Like most even mildly alert observers of American politics I have been intrigued by the Donald Trump phenomenon. In some sense it is like a car accident—you just can’t look away no matter how hard you try. Pundits from the right and left have excoriated him with such apocalyptic language that their warnings have guaranteed the elevation of his profile among a politically jaded public.
But there is more to my intrigue than that. As I watch Trump rise in the polls and see the deeply emotional responses of his supporters I am becoming convinced that something far more significant than a carnival show is at play. We may be watching the converging of elements that could well result in a Donald Trump presidency.
I first had this sense while watching his July 11, 2015 speech in Arizona. For over an hour he held an overflow, energetic crowd spellbound. I expected to be entertained but was surprised to find myself appreciating much of what he said. His candor is refreshing. His independence is attractive. His positive “can-do” attitude is contagious. His determination to turn setbacks into stepping stones is inspirational. Granted, his brashness can be off-putting (and at times outright offensive and disgusting) but I believe many people are willing to overlook that because of his track record of getting things done in the business world and his willingness to address important issues in plain language—something that most politicians, both left and right, hesitate to do.
In fact, it is fascinating to me to see the unified pillorying of Trump from leaders and pundits who otherwise are political adversaries. The fact that he has captured the imagination of a growing number of voters is distressing to the establishment leaders of both parties and, I think, may demonstrate how out of touch those self-designated experts are with a large segment of the American populace. Trump doesn’t play by the supposed rules of political decorum. The lobbyists and kingmakers evidently have nothing that he values so he is not intimidated by their threats or allured by their enticements.
My guess is that Trump has tapped into the deep frustration that has long lingered in the hearts and minds of voters who span the right- and left-center of the political spectrum. These are people who are tired of the same promises offered in each campaign followed by the same followup excuses between campaigns. They may not understand the intricacies of our monetary system but the burden of future-crushing national debt ($20 trillion and growing at a rate of $45.38 per second) looms large to them. Some remember living through the Cold War and the prospect of a nuclear holocaust seems closer today than at any time in the last 30 years. Others are sickened by the continued aborting of 1 million babies per year regardless of who our presidents and congressional leaders are. They may not know how a broken immigration system should be fixed but they are concerned about our porous borders and unwillingness of elected officials to protect them or enforce the laws when they are violated.
These are voters who, I sense, are jaded and disgusted with politics as usual. And if there is one thing Trump is not, it is usual. Though this class of Republican candidates strikes me as stronger across the board than at any time in recent history, the fact is that only 3 of them can lay claim to not being politicians (Carly Fiorina and Ben Carson are the other two). Interestingly, each of those three is polling surprisingly well with Trump leading the way. If Washington DC is broken then looking for leadership to someone who wasn’t a part of doing the damage makes perfect sense.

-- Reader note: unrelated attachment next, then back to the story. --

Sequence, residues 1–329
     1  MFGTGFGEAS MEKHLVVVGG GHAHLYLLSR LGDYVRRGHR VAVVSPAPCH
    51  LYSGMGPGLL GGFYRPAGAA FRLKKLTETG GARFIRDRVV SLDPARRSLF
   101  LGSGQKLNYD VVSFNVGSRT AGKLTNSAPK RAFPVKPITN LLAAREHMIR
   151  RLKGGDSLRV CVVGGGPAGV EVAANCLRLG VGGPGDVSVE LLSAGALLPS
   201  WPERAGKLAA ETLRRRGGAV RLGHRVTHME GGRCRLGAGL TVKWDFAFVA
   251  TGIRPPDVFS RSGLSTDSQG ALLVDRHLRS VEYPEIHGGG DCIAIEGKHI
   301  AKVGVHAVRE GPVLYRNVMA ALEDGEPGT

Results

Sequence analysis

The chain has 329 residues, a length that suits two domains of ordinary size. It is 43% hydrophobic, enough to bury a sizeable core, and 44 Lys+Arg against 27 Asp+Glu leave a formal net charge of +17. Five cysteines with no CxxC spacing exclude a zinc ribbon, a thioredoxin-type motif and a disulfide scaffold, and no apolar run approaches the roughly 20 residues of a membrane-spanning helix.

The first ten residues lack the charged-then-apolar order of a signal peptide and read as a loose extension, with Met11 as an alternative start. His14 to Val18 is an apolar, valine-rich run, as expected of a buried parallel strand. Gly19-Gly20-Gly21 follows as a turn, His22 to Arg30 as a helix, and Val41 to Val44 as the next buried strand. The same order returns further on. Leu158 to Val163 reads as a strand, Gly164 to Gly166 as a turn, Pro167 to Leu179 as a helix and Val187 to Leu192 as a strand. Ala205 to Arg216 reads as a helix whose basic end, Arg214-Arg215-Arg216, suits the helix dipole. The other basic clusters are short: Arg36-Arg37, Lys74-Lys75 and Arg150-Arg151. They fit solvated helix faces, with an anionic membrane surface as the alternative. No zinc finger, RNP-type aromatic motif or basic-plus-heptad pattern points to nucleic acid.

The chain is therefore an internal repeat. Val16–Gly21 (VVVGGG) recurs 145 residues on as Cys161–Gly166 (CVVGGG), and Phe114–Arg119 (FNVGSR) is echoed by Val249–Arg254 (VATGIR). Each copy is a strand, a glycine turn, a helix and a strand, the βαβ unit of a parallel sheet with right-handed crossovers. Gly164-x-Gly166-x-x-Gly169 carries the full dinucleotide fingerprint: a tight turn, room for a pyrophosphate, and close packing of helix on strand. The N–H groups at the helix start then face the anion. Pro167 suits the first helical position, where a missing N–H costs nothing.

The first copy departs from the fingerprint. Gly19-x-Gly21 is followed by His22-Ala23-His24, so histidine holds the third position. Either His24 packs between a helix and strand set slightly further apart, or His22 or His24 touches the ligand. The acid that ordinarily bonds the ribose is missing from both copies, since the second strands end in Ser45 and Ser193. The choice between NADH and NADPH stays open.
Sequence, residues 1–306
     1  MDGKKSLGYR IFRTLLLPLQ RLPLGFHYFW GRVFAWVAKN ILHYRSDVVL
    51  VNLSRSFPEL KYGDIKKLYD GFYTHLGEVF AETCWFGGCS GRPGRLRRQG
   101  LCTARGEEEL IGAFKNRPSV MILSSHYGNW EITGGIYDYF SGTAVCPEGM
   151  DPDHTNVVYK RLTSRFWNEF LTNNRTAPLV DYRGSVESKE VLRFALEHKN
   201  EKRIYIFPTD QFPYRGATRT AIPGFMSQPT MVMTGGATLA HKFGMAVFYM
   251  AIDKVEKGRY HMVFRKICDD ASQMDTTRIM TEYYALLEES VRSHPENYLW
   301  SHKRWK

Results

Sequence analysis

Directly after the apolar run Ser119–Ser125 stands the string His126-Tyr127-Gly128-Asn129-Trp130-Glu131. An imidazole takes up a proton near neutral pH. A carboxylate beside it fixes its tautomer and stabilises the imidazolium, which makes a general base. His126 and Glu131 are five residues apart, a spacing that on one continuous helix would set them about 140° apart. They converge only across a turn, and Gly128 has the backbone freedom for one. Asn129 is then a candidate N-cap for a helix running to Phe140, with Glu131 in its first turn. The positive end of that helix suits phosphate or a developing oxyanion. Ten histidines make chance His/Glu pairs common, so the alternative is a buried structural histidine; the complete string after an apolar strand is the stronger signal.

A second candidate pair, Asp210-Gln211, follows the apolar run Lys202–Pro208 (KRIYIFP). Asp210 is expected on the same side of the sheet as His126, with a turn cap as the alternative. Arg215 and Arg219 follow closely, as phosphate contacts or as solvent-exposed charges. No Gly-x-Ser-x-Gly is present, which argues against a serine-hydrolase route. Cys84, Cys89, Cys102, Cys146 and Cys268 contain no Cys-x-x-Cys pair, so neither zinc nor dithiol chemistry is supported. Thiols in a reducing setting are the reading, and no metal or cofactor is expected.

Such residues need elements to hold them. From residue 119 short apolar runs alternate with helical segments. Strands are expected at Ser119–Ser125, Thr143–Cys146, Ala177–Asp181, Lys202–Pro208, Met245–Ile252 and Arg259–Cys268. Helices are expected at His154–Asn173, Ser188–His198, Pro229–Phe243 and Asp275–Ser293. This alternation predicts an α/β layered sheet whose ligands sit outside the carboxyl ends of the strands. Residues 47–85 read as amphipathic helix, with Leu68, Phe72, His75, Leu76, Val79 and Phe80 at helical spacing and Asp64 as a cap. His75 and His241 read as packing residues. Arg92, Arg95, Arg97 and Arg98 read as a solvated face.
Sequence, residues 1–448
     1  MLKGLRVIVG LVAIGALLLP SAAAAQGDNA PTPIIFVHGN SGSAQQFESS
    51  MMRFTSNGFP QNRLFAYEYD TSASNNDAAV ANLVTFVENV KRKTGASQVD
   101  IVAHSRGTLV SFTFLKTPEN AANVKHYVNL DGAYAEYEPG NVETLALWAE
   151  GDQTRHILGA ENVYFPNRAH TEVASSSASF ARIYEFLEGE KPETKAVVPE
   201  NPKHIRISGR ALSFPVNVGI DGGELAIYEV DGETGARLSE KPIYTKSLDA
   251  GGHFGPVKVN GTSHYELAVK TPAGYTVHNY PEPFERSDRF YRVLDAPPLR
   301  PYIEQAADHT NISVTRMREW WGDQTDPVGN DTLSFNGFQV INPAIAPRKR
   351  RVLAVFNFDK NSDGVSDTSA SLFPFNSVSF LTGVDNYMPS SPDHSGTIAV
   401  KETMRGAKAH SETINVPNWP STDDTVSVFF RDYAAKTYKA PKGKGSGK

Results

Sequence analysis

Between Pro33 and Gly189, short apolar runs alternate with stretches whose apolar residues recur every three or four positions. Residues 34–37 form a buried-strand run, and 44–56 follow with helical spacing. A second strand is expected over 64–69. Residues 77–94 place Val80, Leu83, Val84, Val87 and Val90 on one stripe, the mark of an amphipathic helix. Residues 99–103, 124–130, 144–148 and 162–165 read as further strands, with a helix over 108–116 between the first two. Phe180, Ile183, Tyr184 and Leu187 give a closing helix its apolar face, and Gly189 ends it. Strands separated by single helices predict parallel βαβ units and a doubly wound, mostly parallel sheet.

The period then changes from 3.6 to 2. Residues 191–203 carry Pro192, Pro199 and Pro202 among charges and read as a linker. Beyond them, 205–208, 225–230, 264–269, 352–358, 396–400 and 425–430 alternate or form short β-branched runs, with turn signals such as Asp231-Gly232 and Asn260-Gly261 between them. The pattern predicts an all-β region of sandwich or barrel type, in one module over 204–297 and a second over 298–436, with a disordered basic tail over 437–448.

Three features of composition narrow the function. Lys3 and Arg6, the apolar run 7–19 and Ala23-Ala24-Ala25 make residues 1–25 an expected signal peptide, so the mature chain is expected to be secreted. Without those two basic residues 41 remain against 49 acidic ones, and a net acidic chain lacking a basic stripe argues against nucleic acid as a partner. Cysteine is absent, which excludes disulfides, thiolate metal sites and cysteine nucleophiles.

If fifty years worth of filth and rubbish have been piled on your house at the rate of hundreds of tons per day, someone who offers indelicate proposals to address the problem is attractive. Nuance and sophistication have their place, but for demolition work a wrecking ball is preferred. I think Donald Trump resonates with many voters as the kind of wrecking ball that is needed to start clearing out Washington DC.
To change the analogy a bit, he is a grenade thrower who isn’t very discriminating which way he launches his bombs. But, metaphorically speaking, if someone were to go stand in the middle of our bloated, broken federal government and indiscriminately start throwing grenades, tremendous good would be accomplished. Yes, there would be some collateral damage, but in comparison to the destruction of corrupt structures, policies and institutions the resultant benefits would far outweigh any negative consequences.
That is what I think is going on with Donald Trump and the current political climate. His presence in the presidential race has already disrupted many of the political protocols that politicians—at least conservative politicians—are expected to follow. And he has done so to the consternation of the political establishment and the delight of a sizable number of average American voters. Further, he seems to be paving the way for his fellow candidates to speak more plainly with appropriate moral outrage about many of the devastating, systemic failures of our current federal government.
I don’t know if a President Trump would be good for the country. But candidate Trump is already providing some benefit to the political process.
Note: This should be not be construed as an endorsement of Donald Trump. If you read it that way then please read it again. If it still strikes you that way then accept my apologies for failing to communicate my meaning to you.